THE BLOG
09/15/2010 01:01 pm ET Updated May 25, 2011

The Promise of Real Change in Our Education System

School is now in full swing, and students throughout the country are readjusting to new classmates, teachers, and schoolwork. Many states are also marking the new school year by beginning to implement the Common Core State Standards, which are part of a voluntary, state-led initiative to establish a clear set of educational standards for K-12 English language arts and math. The standards are designed to ensure that all students graduating from high school are prepared for college, work, and success in the global economy. Thirty-seven states have adopted the standards since the process started more than a year ago, and they are now in a critical implementation phase.

For students of color, particularly Latinos, as well as English language learners (ELLs), common standards represent real promise for change in our education system. Adopting common standards implies some of the biggest policy developments since the No Child Left Behind Act in 2002. And this change could not come at a more critical time. The current system, which allows states to set their own standards, puts U.S. students at a disadvantage by allowing for widespread variability in quality and rigor. Secretary of Education Arne Duncan has called the current system a "race to the bottom."

This has proven especially consequential for students of color, who are disproportionately affected by low academic standards. A recent review of the National Assessment of Educational Progress, which compares academic performance across states, found that those states with a greater degree of variation in test scores were largely in the south, southwest, and far west and have a disproportionate share of low-income, non-White, and ELL students. Latino students make up a fair share of this population; simply put, they are being taught to lower expectations and are not being served adequately. Common standards, if implemented properly, can change that.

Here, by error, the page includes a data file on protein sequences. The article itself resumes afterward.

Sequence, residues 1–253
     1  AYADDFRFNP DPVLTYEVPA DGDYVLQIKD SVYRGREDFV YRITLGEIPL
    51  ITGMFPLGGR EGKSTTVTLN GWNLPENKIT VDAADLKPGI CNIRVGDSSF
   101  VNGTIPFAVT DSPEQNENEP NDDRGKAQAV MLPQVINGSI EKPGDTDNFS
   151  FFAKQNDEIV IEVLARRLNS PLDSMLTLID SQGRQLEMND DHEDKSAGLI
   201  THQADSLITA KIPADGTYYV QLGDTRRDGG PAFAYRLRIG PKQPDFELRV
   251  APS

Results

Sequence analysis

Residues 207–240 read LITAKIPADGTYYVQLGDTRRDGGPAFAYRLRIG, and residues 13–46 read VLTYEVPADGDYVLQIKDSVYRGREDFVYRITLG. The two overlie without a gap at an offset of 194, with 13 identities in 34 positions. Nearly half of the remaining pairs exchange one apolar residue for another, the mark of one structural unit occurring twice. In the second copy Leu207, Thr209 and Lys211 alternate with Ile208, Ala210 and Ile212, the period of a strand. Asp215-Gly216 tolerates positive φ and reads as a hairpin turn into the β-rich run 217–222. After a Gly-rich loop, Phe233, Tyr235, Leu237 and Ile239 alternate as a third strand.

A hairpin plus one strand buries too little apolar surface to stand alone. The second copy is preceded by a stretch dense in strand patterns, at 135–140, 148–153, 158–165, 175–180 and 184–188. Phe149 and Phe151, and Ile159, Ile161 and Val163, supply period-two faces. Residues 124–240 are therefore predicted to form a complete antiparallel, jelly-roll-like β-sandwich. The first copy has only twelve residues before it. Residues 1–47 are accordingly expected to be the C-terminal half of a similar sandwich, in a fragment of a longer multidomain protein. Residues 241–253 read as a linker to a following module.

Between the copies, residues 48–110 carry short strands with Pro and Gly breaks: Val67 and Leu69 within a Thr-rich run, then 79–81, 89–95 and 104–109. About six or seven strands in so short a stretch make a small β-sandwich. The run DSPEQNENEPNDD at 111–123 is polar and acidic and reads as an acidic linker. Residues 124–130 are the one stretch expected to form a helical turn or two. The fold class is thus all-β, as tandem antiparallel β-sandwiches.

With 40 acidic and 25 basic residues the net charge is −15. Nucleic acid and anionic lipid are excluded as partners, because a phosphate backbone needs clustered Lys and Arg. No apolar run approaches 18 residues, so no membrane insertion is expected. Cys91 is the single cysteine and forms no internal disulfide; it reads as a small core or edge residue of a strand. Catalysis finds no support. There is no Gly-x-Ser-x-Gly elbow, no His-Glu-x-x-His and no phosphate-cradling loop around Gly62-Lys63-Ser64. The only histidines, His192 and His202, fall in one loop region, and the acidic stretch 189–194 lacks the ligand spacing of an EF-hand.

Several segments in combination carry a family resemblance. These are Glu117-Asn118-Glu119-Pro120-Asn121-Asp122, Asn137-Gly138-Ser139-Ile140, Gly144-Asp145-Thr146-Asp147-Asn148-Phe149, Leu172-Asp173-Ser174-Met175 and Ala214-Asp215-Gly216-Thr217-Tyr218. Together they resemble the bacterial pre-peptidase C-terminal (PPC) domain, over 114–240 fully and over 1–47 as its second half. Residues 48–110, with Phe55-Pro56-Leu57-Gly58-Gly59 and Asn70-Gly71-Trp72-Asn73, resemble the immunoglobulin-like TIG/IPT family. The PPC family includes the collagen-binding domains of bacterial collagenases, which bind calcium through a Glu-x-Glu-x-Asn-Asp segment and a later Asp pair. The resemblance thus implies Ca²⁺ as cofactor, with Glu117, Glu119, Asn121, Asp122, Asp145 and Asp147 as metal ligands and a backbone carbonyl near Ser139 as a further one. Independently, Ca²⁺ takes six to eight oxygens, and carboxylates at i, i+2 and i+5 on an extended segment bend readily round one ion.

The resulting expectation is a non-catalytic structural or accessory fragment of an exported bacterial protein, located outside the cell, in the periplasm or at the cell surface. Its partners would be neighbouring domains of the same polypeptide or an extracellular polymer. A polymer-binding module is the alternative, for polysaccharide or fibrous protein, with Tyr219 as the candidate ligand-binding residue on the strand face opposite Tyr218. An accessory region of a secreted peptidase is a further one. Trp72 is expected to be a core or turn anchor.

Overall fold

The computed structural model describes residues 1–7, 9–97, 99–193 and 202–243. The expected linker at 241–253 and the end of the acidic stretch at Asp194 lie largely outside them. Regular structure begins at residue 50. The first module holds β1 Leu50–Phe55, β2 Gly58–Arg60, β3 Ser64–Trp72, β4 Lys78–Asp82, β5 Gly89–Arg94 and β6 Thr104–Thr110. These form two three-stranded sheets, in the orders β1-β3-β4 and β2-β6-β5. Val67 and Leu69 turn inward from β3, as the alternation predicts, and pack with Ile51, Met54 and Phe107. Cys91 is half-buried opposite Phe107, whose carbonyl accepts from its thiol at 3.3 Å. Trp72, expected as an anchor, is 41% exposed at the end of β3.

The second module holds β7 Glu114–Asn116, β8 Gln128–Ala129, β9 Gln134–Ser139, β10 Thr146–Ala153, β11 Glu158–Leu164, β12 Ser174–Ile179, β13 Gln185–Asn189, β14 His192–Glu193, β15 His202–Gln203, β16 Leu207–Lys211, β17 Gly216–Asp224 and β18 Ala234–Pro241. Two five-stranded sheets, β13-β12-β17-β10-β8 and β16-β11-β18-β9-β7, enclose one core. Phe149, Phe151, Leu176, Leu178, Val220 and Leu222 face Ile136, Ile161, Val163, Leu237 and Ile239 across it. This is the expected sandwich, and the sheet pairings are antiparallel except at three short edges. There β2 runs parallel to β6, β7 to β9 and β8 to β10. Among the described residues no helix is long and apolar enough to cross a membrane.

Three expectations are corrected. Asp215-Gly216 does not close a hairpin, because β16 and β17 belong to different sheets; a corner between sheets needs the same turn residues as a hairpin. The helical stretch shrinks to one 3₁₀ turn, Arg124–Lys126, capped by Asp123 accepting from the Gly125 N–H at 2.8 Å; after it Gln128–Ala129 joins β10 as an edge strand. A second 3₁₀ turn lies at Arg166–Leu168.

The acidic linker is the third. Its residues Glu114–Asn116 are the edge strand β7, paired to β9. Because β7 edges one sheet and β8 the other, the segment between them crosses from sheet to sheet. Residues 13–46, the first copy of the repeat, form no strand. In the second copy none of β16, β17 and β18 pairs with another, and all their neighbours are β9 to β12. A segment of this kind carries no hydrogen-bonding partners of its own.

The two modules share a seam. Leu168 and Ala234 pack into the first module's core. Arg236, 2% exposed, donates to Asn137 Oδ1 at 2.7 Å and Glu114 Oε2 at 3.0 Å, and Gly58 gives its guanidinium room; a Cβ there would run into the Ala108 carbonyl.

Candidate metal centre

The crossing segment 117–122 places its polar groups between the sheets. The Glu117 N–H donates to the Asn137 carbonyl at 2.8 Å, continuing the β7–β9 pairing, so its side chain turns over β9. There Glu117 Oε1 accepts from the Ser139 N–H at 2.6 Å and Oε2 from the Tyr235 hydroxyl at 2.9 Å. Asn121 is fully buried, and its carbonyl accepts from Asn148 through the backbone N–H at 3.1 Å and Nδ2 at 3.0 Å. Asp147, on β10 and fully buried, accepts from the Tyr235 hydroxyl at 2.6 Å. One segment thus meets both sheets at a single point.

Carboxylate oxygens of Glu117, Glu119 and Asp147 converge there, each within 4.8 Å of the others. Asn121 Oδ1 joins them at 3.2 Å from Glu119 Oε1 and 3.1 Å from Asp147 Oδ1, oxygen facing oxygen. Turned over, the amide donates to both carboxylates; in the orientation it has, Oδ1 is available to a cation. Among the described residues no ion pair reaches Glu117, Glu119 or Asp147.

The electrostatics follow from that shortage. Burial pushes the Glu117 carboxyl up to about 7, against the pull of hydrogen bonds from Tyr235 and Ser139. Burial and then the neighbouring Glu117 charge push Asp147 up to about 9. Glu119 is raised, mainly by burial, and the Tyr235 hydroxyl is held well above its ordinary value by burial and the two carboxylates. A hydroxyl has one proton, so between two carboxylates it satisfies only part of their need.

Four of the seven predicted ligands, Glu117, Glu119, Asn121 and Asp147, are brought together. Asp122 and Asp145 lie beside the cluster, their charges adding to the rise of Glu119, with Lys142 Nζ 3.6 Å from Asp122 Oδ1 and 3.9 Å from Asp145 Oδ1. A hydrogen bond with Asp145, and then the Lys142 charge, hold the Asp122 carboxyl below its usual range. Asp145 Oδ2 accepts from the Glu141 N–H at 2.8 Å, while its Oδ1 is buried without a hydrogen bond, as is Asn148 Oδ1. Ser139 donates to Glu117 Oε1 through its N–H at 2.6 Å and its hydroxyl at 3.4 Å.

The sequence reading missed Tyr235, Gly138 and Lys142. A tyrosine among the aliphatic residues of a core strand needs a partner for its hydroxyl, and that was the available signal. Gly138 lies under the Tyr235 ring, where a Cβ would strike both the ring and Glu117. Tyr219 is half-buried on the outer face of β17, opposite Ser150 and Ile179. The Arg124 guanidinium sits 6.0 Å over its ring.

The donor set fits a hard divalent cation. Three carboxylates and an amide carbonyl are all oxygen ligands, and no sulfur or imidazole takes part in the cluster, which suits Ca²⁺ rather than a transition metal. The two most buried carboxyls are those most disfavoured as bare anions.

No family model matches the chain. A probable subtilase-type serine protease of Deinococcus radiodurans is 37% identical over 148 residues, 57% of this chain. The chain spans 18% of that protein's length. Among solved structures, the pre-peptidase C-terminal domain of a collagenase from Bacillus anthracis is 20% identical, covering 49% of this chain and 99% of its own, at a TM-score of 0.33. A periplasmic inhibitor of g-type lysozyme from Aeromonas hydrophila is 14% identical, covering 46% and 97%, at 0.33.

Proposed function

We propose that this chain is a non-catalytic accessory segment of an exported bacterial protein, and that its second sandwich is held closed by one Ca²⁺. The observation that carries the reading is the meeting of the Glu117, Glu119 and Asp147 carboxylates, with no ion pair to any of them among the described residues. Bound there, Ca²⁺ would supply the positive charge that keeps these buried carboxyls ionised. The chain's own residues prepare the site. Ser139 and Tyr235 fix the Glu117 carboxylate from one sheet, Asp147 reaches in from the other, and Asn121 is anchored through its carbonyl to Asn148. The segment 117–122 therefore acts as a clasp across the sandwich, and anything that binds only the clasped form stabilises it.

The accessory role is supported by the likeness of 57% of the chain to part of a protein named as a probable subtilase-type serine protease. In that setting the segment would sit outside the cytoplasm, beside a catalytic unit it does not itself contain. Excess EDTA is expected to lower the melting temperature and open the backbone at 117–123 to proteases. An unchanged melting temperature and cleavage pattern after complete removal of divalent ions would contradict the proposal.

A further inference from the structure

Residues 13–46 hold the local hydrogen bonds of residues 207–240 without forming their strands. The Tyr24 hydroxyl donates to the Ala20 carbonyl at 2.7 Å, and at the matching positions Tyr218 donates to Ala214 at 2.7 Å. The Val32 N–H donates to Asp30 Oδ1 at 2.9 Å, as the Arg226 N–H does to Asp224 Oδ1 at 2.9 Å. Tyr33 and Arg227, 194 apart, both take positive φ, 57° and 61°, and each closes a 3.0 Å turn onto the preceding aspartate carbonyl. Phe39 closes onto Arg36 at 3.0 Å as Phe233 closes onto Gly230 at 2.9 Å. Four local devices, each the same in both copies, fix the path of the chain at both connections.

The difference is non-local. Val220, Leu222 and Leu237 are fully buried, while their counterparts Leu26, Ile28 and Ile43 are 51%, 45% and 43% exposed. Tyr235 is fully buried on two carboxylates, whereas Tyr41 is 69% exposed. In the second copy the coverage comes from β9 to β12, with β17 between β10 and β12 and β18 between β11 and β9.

It seems that state education agencies think so, too. Following California and Colorado's adoption of common standards last month, 78% of Latino students in the United States will now be taught to a unified set of standards. Schools should be held accountable for implementing them in a way that ensures greater academic success for students. Proper implementation should include aligned curricula and instruction, as well as assessments that are valid, reliable, and capable of accurately demonstrating the knowledge and abilities of students, especially ELLs. To achieve this, teachers will need effective professional development and support in order to help them incorporate the Common Core State Standards into their instruction. And, most importantly, successful implementation will require active parent and community participation.

Strong accountability is also central to making sure that schools have the resources and support to help all students reach more challenging academic benchmarks. If states are held accountable for empowering their students to reach their greatest potential, they will be sure to direct valuable resources to those the schools that need them the most. High standards alone will not ensure that students learn what they need to know, but they are a vital part of the solution to shoring up our educational system and making it more equitable for Latino students.